Chicago Bears Rookies Forecast

By Charlie Campbell – @draftcampbell

Solid Starter

Kyler Gordon, CB, Washington – Round 2
The Bears entered the 2022 NFL Draft with a lot of needs, and general manager Ryan Poles used their two second-round picks to add some building blocks to the secondary. For a lot of the leadup to the 2022 NFL Draft, Kyler Gordon was projected to be a first-round pick, so landing him as the 39th-overall pick was solid value for Chicago.

Gordon is a natural cover corner with speed, quick feet, and agility. He is very fluid and does a nice job of running the route with receivers to prevent them from gaining separation. He keeps receiver from coming open and is quick to recover if they get a step. Gordon has nice hips to turn and run downfield with speed receivers. He has enough twitchy athleticism to break on the ball and drive down hard on wide receivers.

On top of his man-coverage skills, Gordon is a disciplined corner who does not bite on double moves. With eye discipline, Gordon is skilled at reading receivers and not showing vision issues that lead to falling for play fakes. Former Washington head coach Jimmy Lake was a defensive backs coach in the NFL, and he coached up the Huskies defensive backs under him well in terms of good fundamentals and technique.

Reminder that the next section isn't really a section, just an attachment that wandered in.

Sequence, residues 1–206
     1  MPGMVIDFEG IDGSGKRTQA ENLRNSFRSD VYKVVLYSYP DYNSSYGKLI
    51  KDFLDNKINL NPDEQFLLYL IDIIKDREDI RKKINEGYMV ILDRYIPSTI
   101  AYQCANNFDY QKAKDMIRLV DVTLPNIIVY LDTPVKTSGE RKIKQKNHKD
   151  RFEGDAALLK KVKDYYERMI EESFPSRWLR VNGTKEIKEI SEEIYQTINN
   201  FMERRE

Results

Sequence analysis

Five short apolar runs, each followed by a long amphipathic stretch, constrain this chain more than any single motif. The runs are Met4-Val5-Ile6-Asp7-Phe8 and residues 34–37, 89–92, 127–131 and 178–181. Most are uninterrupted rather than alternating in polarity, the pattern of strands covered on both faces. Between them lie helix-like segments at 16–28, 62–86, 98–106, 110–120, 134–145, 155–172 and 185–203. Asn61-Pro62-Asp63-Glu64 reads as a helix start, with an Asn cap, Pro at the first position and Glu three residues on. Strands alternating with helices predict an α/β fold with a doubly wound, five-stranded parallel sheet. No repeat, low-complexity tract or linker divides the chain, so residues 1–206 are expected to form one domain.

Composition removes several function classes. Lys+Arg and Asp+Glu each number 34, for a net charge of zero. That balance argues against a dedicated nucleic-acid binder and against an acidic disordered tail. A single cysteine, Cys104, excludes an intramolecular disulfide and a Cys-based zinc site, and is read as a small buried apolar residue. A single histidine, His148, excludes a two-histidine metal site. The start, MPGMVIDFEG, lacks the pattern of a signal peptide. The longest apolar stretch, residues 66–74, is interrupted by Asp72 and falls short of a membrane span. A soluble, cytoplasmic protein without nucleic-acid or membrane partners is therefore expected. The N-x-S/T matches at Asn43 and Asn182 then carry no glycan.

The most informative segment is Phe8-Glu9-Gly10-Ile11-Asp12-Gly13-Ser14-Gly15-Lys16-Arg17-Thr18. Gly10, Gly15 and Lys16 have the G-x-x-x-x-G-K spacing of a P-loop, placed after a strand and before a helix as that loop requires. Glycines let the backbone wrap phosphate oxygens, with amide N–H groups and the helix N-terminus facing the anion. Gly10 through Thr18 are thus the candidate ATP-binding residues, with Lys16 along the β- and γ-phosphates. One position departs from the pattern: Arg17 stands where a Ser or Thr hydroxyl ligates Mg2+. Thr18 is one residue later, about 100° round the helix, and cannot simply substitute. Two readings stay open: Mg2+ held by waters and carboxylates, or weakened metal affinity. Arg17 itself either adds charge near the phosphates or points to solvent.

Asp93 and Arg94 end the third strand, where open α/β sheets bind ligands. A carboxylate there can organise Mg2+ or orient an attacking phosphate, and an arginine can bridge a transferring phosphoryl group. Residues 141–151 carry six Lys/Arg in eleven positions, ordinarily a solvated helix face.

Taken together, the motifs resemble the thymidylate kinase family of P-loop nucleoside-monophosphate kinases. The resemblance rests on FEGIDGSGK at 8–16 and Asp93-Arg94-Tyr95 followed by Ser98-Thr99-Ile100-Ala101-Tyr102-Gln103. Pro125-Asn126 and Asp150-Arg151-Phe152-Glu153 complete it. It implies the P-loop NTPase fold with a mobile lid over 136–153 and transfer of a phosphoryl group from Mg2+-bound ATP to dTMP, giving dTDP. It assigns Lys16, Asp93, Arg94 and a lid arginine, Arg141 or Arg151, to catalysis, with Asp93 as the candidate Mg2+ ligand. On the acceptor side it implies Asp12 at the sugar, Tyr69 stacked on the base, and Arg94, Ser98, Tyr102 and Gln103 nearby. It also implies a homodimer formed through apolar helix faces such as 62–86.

Gordon flashed some ball skills at times in college. He is skilled at slapping his passes away and times his contact well. In 2021, Gordon flashed being a threat to pick off the passes after not recording a pick in 2020.

Gordon also is a willing run defender who will contribute to the ground defense and tackle. He fights off blocks, fires to the ball, and shows nice tackling technique for an undersized corner.

Gordon slid into the second round because some evaluators felt he was a slot cornerback only. They did not feel he had the ability to line up outside at the pro level. Another reason why he slid was concern about his commitment to football. Some scouts believed Gordon is so focused on competitive dance that he might end his NFL career early to commit to dance full time.

The Bears were in need of starting corner talent to go with Jaylon Johnson, so even if Gordon is a slot corner only, he could be a starter because teams play nickel 70 percent or more on their defensive snaps. As long as Gordon stays focused on football and doesn’t end his career early, he should turn into a solid starter for Chicago.

2021: Teven Jenkins, OT
2020: Cole Kmet, TE
2019: Riley Ridley, WR
2018: James Daniels, C
2017: Eddie Jackson, S
2016: Jonathan Bullard, DE
2015: Eddie Goldman, DT
2014: Kyle Fuller, CB
2013: Jonathan Bostic, LB